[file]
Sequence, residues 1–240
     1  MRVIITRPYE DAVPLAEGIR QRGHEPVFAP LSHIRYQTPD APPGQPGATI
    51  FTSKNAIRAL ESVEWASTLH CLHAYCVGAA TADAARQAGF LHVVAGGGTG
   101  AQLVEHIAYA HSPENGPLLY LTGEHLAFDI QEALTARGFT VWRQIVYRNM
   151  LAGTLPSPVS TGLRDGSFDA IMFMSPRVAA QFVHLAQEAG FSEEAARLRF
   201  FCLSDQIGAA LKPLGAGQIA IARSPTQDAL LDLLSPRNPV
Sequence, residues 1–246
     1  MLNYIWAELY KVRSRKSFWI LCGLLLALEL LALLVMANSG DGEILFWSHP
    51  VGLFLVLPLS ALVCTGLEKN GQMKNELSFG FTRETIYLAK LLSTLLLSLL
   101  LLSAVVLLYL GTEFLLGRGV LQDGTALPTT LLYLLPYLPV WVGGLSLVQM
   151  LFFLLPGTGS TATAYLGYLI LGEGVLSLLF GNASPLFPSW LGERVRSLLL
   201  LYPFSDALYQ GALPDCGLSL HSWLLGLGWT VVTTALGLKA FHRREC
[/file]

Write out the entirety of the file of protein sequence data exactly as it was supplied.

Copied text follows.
Sequence, residues 1–240
     1  MRVIITRPYE DAVPLAEGIR QRGHEPVFAP LSHIRYQTPD APPGQPGATI
    51  FTSKNAIRAL ESVEWASTLH CLHAYCVGAA TADAARQAGF LHVVAGGGTG
   101  AQLVEHIAYA HSPENGPLLY LTGEHLAFDI QEALTARGFT VWRQIVYRNM
   151  LAGTLPSPVS TGLRDGSFDA IMFMSPRVAA QFVHLAQEAG FSEEAARLRF
   201  FCLSDQIGAA LKPLGAGQIA IARSPTQDAL LDLLSPRNPV
Sequence, residues 1–246
     1  MLNYIWAELY KVRSRKSFWI LCGLLLALEL LALLVMANSG DGEILFWSHP
    51  VGLFLVLPLS ALVCTGLEKN GQMKNELSFG FTRETIYLAK LLSTLLLSLL
   101  LLSAVVLLYL GTEFLLGRGV LQDGTALPTT LLYLLPYLPV WVGGLSLVQM
   151  LFFLLPGTGS TATAYLGYLI LGEGVLSLLF GNASPLFPSW LGERVRSLLL
   201  LYPFSDALYQ GALPDCGLSL HSWLLGLGWT VVTTALGLKA FHRREC